Aug 072011

(Israel continues to pump out the reviews. Here’s his take on the latest from UK tech-metallers Aliases.)

I love SikTh. I don’t think any band is ever going to be able to recapture the sense of quirkiness and eccentricity they had in their unique sound. People have been waiting for them to reform. It hasn’t happened YET, and I’m more or less reconciled to it never happening. So now what?

Well… one of the masterminds, if not THE mastermind, behind SikTh, guitarist Graham “Pin” Pinney, has formed a new project by the name of Aliases. What is Aliases you ask? The initial reaction would be, most definitely, to brand them as djent, although this isn’t entirely fair. Graham’s signature style of guitar playing is indeed on display here, but the man has obviously evolved beyond his initial roots in SikTh to something, dare I say, more sophisticated.

Aliases is comprised of guitarists Graham and Leah Woodward, Jay Berast on vocals, Darren Pugh on drums, and Joe Heaton on bass. All are extremely proficient at what they do, all definitely in it to win it. So the question is, just how good is the music found on Aliases’ debut, Safer Than Reality?

What do you think? (hold that thought until you see what comes right after the jump)

If you’ve already recovered from the onslaught of chaotic polyrhythmic madness, whirlwinds of noodily riffing, and jarring transitions, I applaud your fortitude. This is how the album opens. No bullshit, no games. But the whole album is like this. It’s all over the place, and while some numbers are more melodic, or more brutal, than others, this is a high-quality package overall.

The next song, “The Reality Of Beliefs”, ushers in a groove with an insanely intricate opening before jumping into its rather thrashy verse. The chorus has a badass percussive vibe to it, as well as a great vocal line over it that stuck in my head for days. I didn’t know exactly how to describe vocalist Jay Berast’s voice until a conversation I had with Dan Wieten of The Omega Experiment in which he described it as “punky”. I think this is pretty accurate. The dude has intensity, no doubt. You can feel his voice taking the skin off your face like sand paper with its abrasiveness. He’s got a great clean voice as well, packed with, dare I say, soul? Yeah, sounds about right.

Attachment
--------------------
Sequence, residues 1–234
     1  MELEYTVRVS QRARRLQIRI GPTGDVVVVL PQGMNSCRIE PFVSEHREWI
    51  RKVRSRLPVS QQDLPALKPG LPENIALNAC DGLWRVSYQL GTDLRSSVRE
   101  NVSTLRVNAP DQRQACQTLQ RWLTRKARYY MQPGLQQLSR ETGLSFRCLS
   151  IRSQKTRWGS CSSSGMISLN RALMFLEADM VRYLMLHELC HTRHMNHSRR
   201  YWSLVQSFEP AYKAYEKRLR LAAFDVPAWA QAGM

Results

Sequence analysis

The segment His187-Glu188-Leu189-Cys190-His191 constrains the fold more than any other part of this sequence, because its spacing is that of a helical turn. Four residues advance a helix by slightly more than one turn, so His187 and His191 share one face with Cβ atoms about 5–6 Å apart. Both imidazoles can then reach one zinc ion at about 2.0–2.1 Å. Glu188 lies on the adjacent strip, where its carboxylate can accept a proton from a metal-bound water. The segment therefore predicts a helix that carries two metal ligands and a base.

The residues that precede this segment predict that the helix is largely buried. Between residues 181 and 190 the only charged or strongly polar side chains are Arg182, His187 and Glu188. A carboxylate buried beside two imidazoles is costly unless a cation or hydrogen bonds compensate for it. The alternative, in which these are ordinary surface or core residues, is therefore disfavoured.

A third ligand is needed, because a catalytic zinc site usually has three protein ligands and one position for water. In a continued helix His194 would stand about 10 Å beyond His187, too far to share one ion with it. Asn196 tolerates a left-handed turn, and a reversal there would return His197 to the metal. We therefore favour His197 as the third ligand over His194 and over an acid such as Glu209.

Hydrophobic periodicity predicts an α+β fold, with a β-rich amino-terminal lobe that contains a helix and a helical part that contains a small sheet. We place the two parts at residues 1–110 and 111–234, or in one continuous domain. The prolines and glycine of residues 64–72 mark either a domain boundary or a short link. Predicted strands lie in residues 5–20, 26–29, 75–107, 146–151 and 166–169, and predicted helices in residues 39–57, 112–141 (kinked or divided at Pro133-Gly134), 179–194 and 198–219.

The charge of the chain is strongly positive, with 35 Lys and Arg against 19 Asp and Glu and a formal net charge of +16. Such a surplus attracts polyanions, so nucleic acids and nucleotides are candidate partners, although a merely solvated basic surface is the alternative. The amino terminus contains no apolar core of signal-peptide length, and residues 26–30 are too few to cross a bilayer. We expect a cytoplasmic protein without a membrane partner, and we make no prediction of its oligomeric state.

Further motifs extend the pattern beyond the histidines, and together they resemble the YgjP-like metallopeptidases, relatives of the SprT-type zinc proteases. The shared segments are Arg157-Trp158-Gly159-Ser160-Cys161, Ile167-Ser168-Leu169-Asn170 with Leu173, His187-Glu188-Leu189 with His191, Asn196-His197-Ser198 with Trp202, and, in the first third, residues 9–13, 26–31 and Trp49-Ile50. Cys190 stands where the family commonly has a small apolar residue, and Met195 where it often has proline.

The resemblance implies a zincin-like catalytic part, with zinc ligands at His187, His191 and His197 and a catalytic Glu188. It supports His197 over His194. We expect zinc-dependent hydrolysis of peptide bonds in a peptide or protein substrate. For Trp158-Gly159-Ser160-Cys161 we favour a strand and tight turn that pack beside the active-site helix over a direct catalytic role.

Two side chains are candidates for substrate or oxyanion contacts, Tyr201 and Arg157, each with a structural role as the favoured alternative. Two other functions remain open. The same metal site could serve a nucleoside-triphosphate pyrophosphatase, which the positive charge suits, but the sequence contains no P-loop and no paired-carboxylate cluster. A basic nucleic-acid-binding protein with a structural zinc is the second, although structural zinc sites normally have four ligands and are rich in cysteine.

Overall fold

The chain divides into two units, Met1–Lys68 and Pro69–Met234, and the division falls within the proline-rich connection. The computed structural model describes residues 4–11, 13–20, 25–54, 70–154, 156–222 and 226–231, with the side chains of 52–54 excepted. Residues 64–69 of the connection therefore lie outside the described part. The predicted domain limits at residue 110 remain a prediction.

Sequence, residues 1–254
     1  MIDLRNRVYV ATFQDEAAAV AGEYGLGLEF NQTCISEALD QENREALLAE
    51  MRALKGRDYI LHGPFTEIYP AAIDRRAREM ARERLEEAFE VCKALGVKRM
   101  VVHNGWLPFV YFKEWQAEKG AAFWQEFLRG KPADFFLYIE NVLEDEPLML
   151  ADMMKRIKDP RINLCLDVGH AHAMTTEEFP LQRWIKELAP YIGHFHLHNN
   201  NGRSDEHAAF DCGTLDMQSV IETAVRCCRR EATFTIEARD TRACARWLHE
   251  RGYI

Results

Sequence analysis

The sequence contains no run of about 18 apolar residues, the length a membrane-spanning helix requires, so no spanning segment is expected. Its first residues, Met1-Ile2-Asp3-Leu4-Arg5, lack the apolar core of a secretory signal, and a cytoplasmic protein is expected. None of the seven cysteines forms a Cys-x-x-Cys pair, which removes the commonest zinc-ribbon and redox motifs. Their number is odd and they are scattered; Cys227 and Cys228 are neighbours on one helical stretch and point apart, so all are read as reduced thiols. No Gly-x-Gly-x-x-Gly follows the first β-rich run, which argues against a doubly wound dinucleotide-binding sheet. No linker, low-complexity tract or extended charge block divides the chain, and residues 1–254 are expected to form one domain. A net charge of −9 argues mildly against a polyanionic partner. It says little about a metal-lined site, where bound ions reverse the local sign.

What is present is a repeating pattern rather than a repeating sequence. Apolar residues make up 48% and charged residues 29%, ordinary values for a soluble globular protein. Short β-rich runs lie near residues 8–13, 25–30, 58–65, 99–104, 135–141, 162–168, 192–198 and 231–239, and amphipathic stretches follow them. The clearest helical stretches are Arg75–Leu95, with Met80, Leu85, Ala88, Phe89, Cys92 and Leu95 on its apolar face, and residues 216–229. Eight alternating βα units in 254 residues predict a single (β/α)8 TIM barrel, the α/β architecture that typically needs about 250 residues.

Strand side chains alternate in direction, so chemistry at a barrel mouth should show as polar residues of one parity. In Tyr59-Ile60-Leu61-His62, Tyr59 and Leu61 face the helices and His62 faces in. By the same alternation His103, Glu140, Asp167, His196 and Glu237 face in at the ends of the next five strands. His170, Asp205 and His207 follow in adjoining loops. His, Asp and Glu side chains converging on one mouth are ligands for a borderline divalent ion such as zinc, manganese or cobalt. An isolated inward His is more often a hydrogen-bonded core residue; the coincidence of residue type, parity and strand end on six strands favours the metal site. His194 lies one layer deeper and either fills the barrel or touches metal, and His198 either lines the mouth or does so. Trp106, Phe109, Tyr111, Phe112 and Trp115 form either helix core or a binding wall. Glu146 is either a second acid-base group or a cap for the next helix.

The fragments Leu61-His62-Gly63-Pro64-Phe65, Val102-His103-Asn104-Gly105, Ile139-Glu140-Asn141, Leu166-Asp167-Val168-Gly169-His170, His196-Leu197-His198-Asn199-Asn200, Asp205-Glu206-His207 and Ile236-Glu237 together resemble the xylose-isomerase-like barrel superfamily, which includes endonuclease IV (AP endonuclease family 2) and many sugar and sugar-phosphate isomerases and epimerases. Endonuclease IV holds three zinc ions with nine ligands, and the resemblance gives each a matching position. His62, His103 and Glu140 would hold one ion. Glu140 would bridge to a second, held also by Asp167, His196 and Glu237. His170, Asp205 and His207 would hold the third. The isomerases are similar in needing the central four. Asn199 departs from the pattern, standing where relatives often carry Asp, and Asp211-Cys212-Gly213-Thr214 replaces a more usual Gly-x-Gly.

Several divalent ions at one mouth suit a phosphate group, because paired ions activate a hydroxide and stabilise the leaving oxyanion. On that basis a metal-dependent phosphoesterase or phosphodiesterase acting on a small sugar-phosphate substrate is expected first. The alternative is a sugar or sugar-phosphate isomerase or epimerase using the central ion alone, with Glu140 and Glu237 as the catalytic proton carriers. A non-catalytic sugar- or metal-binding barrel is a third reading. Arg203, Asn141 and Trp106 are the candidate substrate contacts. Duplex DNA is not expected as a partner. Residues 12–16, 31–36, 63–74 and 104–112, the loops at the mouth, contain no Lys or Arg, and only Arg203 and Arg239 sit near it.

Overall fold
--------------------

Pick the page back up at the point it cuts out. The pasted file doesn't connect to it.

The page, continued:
“We Never Should Have Met” is one of my favorite songs on this album for sure, and probably the most SikTh-like (if there is ANY such comparison that legitimately could be made). It has my favorite chorus on the album, especially — undeniably catchy stuff. Of course, the non-stop techy riffing just keeps coming at you without mercy. That’s what I love about this album: it never slows down, even during the more melodic or catchy parts, and never compromises the technicality for any reason.

“Refraction” is an eerie instrumental that captures the feeling of something impending, and the album then fittingly transitions into one of its most brutal tracks, “All That Glitters Is Gold”. It opens with a dissonant, spellbinding, tapping lick that sounds like the stuff the best snake-charmers are made of. Lots of staccato dissonant chords attacking like nails on a chalk board and some very eerie clean and ambient parts. “While I Drown” continues along this vein and is THE most brutal song on the album. The chorus is just a pure audio sledgehammer to your skull.

The album closes with the beautiful piano instrumental, “The Beginning Has No End”, followed by the chaos-infused bruiser “Sirens”. This final song also includes epic melodic moments, very big open sections, and some MEAN-ASS SHRED on it. Very appropriate as a closing track for an album such as this.

Safer Than Reality is solid. It’s excellent. It’s intense. And yes, it’s djenty. Get this.

Can’t resist including one more song. This is a demo version of “We Never Should Have Met” — it’s not the final album track, but it’s already out in the world, and it does sound great anyway.

EDITOR’S NOTE: Safer Than Reality will be released on August 15 by Basick Records. The stunning cover artwork was designed by Seldon Hunt (Neurosis, Jesu, Isis, The Melvins). And if you like that song featured in the official video that Israel included, you can download it for free in exchange for your e-mail address at Basick Records (here). You can follow Aliases on facebook here.

UPDATE: You can now listen to a full-album stream of Safer Than Reality at  Posted by at 3:30 am  Tagged with:

  2 Responses to “ALIASES: “SAFER THAN REALITY””

  1. Perhaps because I have them on my mind from karaoke the other night, the clean vocals in the video kinda reminded me of the Used. I’m not trying to make a direct comparison, but that’s all I can think about now.

    I quite liked the guitar riffs though. They contained a good bit of craziness.

  2. Reminds me of the spastic/all-over-the-show approach of Dillinger Escape Plan, but with a more djent angle. Have to say I’m pretty surprised to see a chick guitarist. Good to see, there should be more of ’em in metal!

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